Drift algae on Fort Myers Beach, July 27, 2018.

Red Tide Impact: toxic water is killing sea-life and affecting beachgoers

Red tide continues to ravage the coastline in Southwest Florida.

The Florida Fish and Wildlife Conservation is expected to release an updated report on red tide conditions Friday afternoon.

The toxic water is killing sea-life including sea turtles, fish and even a whale shark that washed up on the shores of Sanibel.

A red tide hazard notice was issued for parts of Charlotte and Collier counties Monday through Thursday.

MORE: Red tide hazard issued for portions of Charlotte, Collier counties

*Story continues below map.

Red tide map: July 27, 2018.

Fort Myers Beach

The smell of dead fish is pungent at Newton Beach Park on Fort Myers Beach Friday, and you can smell it before you even get there.

Red tide is the suspected killer of the dead fish that litter the shore and it’s causing a stink for visitors.

On other parts of Fort Myers Beach, the sea life was floating in the water or starting to decay on the sand.

And for some the harmful algae blooms are making the air harder to breathe, saying they’re coughing, sneezing and have a scratch throat that seemingly comes out of nowhere.

Ride tide hazards are raising concerns for some who are iffy about making a trip back.

Beachfront rentals say the red tide has caused a business downturn, but are still getting a few brave customers.

Some visitors said word of the water conditions in Southwest Florida is making its way up North and annual visitors are worried about coming down.

Red tide hazards on Fort Myers Beach could continue into the weekend.

North Fort Myers

Al Amster of North Fort Myers has been dealing algae in his canal, “It’s the worst. You look at it, it’s high and has stuff floating in it and it stinks like hell.”

But there’s good news. Lee County commissioners have officially declared a local state of emergency, meaning they now have the funding to begin removing this gunk from highly concentrated areas next week.

According to the commissioners, Amster’s Waterway Estates neighborhood will be done first, which he likes to hear “If they clean it up I’ll be really happy.”

AECOM, a private engineering firm hired for the clean up, will be sucking the algae off the surface, like a giant vacuum.

Bobbie Eisenmann says it’s about time, and now she doesn’t have to worry about the wildlife, “We have ducks, them muscovy [ducks] are having babies and bringing them down this canal. And yesterday I saw them and they were getting this green sludge, and tiny little babies only a couple days old.”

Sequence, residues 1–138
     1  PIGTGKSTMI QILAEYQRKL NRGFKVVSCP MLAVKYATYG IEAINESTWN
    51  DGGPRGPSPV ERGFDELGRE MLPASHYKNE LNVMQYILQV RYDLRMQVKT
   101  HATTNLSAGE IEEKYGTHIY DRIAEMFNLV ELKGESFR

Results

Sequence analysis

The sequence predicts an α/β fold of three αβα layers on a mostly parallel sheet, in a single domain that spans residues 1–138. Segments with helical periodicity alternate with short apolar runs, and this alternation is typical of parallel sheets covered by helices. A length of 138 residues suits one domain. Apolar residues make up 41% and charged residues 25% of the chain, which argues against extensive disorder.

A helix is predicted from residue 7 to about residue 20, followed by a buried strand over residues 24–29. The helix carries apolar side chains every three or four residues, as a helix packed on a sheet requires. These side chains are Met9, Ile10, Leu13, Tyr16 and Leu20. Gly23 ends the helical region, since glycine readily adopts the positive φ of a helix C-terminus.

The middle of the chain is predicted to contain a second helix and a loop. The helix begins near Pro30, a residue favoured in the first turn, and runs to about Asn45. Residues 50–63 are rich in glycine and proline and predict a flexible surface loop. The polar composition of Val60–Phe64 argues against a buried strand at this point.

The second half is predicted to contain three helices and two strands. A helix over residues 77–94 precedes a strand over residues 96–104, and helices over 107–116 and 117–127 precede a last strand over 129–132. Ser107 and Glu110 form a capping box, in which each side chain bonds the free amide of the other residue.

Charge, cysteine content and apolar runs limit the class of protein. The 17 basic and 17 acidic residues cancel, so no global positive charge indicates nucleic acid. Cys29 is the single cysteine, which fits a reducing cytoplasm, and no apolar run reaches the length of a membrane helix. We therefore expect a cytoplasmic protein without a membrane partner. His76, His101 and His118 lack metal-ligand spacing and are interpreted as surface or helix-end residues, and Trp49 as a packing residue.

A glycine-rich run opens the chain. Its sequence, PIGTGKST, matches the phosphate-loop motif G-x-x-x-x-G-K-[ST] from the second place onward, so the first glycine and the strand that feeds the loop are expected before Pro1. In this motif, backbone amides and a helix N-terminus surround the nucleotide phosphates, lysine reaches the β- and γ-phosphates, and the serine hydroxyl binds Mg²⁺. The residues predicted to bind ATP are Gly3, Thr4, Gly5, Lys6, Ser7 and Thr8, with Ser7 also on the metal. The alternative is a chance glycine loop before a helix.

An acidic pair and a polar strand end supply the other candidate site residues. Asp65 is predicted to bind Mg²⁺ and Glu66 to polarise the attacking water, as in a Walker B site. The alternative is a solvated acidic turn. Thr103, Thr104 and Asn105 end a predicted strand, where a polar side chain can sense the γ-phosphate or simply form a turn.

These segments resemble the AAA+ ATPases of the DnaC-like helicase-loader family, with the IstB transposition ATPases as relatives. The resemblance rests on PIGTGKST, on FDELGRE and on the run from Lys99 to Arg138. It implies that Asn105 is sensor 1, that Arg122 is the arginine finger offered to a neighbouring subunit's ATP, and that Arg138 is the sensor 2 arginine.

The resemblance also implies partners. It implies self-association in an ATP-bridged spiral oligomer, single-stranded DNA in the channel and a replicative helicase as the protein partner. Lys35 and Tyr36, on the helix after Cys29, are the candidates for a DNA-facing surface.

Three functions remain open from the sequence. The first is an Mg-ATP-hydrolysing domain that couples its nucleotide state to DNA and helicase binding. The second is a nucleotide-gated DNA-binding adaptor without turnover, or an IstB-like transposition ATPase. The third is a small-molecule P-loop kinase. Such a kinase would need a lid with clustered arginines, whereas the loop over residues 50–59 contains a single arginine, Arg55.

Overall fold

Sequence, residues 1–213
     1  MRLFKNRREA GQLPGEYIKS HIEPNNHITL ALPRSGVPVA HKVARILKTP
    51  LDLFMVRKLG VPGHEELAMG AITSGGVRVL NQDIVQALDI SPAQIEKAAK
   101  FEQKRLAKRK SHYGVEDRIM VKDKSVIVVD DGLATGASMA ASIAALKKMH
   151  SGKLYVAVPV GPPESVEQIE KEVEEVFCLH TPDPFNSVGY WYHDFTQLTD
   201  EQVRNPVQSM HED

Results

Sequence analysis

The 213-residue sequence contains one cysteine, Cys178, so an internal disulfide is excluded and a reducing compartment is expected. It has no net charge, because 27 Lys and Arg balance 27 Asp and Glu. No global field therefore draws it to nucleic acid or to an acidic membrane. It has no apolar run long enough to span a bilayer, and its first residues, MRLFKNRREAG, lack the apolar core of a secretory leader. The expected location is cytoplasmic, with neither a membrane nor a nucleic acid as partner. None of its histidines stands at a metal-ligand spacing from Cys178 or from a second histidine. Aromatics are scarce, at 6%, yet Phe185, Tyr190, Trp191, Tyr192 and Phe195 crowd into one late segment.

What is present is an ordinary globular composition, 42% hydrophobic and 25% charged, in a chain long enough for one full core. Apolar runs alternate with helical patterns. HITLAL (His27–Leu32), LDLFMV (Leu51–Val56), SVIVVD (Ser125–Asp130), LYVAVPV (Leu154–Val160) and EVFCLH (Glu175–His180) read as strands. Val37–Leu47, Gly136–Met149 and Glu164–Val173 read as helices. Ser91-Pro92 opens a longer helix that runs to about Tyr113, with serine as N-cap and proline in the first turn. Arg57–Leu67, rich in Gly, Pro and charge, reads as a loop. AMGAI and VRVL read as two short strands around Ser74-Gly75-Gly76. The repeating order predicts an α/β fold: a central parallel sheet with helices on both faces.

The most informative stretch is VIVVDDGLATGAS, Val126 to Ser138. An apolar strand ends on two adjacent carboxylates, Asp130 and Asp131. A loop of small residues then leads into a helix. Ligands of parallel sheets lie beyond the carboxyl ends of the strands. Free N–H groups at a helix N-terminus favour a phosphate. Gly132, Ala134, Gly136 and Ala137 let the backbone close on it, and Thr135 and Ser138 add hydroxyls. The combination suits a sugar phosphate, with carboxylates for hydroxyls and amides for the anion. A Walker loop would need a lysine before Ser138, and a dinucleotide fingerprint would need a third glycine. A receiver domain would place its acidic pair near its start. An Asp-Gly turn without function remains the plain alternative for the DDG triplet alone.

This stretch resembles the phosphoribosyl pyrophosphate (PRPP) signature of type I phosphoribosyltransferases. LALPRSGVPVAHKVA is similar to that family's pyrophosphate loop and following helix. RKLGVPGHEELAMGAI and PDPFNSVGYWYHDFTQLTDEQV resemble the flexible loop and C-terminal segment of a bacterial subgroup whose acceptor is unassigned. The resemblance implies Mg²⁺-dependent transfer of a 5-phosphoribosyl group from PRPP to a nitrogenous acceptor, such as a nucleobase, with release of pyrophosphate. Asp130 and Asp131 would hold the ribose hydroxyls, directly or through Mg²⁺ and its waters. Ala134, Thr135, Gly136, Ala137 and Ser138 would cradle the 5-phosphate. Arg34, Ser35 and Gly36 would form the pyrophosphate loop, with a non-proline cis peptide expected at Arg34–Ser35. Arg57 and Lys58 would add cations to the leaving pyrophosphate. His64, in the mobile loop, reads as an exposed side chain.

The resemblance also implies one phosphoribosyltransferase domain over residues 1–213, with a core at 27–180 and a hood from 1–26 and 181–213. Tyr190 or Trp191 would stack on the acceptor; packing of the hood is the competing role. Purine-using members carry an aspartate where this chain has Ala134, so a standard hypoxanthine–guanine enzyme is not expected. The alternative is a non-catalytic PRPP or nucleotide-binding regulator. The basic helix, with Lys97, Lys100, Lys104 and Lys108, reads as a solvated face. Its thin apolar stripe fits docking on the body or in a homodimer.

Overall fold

Charlotte County

One of the solutions being discussed is reducing the amount of fertilizers and pesticides pesticides people use along with restoring water flow to the Everglades.

People in Charlotte were getting ready to rally Friday afternoon after red tide caused another massive fishkill in the area.

Palm Harbour Marina resident Penny Ritchey says she went out and bought a mask to deal with the stench from thousands of dead fish floating in her marina, “I was coughing a lot and it was really stinky … it makes you sick you know. It makes you sick at heart and sick in your body you know.”

Marina manager Robert linn says nearly two dozen residents of the marina were complaining about the effects of red tide, “It was almost as if you could walk across the fish last night … it was extremely horrendous. we actually had some of our residents leave the area that live aboard the boats and they… started coughing and wheezing and they just had to move inland because it was so bad.”

That prompted him to shutdown the marina and its restaurant.

Linn says he and staff cleared and pulled more than three-thousand pounds of dead fish from the water.

A beach advisory has been issued for Charlotte County, warning people to stay out of the water because of the high bacteria levels.

In Englewood, homeowners like Jodie and Rick Koster are worried that red tide has made its way into their canals, killing off more fish and impacting their daily lives.

“I’m concerned with the breathing and trying to live a normal life … you can’t sit out by the pool, you cant, I mean you can’t do anything right now and it’s just going to get worse,” Jodie said.

She says they’ll be at Friday’s strategy meeting to learn more about the ongoing problem, “We’ve got to do something because this is our paradise and is turning into a cesspool.”

Everyone we talked to said this is the worse red tide they’ve experienced in decades, which is why they’re now getting involved to try and stop it from getting worse.

The FWC offer the following red tide information resources:
• Red Tide Fact Sheet: https://bit.ly/2LAvixg
• Florida Department of Health: https://bit.ly/2LnAEMX
• Mote Marine Laboratory Beach Condition Reporting System: https://visitbeaches.org/
• USF Collaboration for the Prediction of Red Tides (CPR): https://bit.ly/2JTw5oc
• NOAA Harmful Algal Bloom Operational Forecast System (HAB-OFS): https://bit.ly/2JXZ6z4
• Social media: https://www.facebook.com/FLHABs/